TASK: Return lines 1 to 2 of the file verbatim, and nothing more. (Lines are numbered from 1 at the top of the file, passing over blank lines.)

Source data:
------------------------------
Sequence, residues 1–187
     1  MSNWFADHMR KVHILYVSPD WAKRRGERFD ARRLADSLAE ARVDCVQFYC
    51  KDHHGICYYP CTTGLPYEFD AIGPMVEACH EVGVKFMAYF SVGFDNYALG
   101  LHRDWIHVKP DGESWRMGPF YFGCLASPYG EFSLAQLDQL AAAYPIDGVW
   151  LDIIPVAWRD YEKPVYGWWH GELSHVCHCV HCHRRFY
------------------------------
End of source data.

Sequence, residues 1–187
     1  MSNWFADHMR KVHILYVSPD WAKRRGERFD ARRLADSLAE ARVDCVQFYC